He said: ‘I kept drinking without intending to get drunk. I usually set out only to have one or two, but I always ended up drinking closer to 20, and I would always have to go out to get more.

‘I had a compelling desire to get drunk and I had no control over it.

‘I remember one night I had 19 beers in three hours, but I had no intention of drinking that many, it was almost as if someone else was driving my actions. I knew then that I had no control and I needed help.’

The last night he got drunk, Kenny filmed himself saying he had a ‘sickness’ what was preventing him from being a good parent and husband, and vowed then and there that he’d stop drinking for good.

He’s still got the footage – which he kept private until two years ago – and admitted that although it’s ‘hard to look at’, he still watches it occasionally.

‘Now I’m the father and husband I always wanted to be,’ added Kenny. ‘My family isn’t afraid of me like they used to be.

‘I was unpredictable and I would have a temper when I was drunk — I would yell and black out.

‘That was the hardest thing to handle because I didn’t have any control over my own behaviour, but I was still responsible for my actions.

‘I never got into any trouble with the police, but I would wake up from a blackout to my wife weeping.

‘I would wake up in the bathroom or on the floor in the house or even on the stairs and have no idea what had happened. It was horrifying.’

To this day, Kenny still attends meetings for the 12-step programme he enrolled in five years ago.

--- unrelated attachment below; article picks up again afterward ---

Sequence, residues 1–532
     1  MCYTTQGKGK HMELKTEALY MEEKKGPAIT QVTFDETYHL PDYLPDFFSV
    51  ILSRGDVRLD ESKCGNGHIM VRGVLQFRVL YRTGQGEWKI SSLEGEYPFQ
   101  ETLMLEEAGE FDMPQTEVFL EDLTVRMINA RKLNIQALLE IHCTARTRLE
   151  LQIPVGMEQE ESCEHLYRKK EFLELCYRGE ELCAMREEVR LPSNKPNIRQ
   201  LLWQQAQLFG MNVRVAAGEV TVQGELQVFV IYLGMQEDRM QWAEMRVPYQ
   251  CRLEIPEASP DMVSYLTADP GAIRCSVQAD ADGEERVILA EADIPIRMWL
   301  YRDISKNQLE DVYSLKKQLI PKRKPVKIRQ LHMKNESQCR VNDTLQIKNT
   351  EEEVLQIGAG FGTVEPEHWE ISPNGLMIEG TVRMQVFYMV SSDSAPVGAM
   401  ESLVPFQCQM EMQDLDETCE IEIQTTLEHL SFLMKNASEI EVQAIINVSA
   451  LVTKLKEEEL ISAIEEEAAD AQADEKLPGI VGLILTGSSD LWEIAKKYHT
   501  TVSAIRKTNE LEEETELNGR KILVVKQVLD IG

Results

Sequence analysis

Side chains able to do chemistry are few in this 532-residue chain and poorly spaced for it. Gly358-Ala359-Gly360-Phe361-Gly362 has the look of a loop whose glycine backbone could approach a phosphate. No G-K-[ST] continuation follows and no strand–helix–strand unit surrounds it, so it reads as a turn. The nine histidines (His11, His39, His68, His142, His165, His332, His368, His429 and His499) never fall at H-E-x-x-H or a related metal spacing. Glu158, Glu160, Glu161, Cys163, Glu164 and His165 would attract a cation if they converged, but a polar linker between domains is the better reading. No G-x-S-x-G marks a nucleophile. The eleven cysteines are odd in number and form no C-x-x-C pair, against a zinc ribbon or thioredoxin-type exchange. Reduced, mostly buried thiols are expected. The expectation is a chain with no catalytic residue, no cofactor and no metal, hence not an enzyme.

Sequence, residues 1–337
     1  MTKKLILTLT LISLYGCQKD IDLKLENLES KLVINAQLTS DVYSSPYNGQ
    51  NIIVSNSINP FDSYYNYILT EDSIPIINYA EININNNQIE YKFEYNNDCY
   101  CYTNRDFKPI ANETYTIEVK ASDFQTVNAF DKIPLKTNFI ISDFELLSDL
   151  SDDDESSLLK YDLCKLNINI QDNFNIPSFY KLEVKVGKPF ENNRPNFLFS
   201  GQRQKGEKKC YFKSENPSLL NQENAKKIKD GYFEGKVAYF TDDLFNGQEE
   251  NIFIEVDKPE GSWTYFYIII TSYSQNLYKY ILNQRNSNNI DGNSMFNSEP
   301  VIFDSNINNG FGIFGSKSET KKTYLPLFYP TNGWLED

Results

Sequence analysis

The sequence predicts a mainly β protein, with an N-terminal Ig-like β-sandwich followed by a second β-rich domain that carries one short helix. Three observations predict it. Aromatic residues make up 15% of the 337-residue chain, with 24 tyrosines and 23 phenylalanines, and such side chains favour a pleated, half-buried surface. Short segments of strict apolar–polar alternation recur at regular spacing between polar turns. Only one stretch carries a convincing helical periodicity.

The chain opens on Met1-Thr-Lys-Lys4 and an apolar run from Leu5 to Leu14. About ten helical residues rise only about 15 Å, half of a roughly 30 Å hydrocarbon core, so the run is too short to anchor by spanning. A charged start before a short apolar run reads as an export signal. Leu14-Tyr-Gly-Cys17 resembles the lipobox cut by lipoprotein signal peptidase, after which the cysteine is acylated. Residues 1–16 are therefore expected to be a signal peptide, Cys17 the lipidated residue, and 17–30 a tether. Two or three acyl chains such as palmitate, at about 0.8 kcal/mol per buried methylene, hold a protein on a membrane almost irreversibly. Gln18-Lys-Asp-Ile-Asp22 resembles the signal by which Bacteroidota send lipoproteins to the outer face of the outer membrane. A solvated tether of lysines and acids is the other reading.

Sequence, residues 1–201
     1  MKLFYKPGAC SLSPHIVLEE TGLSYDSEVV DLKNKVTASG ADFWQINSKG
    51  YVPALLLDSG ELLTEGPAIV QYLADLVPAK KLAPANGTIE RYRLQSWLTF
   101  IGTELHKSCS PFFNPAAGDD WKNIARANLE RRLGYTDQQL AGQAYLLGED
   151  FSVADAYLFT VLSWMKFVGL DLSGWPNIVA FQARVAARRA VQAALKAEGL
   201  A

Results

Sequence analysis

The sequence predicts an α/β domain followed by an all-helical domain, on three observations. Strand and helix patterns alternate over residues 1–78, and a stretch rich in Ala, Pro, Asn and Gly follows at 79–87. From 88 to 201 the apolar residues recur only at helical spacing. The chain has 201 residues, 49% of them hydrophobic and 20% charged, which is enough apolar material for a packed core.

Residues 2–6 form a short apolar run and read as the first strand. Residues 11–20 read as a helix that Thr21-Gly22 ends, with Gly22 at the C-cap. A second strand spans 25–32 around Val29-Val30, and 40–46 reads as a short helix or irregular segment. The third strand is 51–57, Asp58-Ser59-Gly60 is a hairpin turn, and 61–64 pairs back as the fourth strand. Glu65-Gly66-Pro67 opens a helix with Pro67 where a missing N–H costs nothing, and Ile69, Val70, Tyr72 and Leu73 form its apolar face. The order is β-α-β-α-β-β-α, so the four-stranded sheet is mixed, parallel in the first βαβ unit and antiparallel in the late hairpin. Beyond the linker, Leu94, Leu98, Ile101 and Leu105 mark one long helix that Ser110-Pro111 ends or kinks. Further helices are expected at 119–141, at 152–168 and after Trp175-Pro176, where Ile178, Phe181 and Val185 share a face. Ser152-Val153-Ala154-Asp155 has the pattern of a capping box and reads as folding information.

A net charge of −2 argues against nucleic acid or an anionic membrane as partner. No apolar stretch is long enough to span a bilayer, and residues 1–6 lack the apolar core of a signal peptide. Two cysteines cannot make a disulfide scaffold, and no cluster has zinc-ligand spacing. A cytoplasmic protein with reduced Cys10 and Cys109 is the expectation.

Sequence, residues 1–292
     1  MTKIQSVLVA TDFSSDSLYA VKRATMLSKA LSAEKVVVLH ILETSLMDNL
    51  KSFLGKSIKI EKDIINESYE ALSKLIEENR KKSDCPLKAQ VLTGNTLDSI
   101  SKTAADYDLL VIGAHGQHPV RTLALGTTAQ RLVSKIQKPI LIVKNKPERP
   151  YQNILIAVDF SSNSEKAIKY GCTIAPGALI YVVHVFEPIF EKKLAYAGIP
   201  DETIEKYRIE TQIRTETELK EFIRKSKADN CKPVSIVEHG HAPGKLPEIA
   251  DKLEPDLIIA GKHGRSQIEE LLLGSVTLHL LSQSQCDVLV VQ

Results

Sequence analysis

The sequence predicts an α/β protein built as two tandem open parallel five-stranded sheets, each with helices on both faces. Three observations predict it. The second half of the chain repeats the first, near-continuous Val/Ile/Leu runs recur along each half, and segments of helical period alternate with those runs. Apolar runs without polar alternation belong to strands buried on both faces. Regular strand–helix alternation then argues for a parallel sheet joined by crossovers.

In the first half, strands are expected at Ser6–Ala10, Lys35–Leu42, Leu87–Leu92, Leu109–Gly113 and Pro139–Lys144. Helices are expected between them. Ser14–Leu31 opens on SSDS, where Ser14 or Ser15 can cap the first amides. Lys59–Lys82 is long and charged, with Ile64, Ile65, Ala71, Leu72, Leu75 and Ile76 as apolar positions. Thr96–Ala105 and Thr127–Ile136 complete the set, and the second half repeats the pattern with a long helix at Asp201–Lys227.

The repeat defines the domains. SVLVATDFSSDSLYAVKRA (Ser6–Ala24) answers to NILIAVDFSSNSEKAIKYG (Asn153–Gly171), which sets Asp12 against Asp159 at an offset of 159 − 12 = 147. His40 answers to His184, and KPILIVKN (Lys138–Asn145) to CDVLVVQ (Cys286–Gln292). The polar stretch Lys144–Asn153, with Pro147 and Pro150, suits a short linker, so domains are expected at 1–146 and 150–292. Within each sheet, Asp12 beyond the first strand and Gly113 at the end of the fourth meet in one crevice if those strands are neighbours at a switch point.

Since then, life has improved massively, and he says he feels ‘so proud’ of his son and all the things he does which, if Kenny was still drinking, he feels he wouldn’t be able to support him with.

He also believes he’s saved more than $36,000 [close to £27,000] by no longer spending so much on alcohol. 

‘I intend to never drink again, but we take each day at a time,’ Kenny said. ‘My entire life revolves around recovery and because of that I believe I won’t do it again.’    

‘I still can’t believe the change in myself. It’s the hardest thing I have been through in my life, but it’s also the most rewarding.’

For those who feel like they’re hitting rock bottom with their addictions, Kenny asks that they please reach out to a trusted loved one.

‘A friend, a family member, a co-worker, anyone,’ he said. ‘Just tell them you need help and get the ball rolling.

‘I tried to stop on my own, and it was nothing but a lesson in futility. And if you want to stop, and you don’t know who to reach out to, you can even reach out to me on Twitter or Instagram.

‘I’ll help connect you to people who can help you, no matter where you are there is help for you nearby. But you have to have the courage to reach out.’

Need support for your mental health?

You can contact mental health charity Mind on 0300 123 3393 or text them on 86463.

Mind can also be reached by email at [email protected].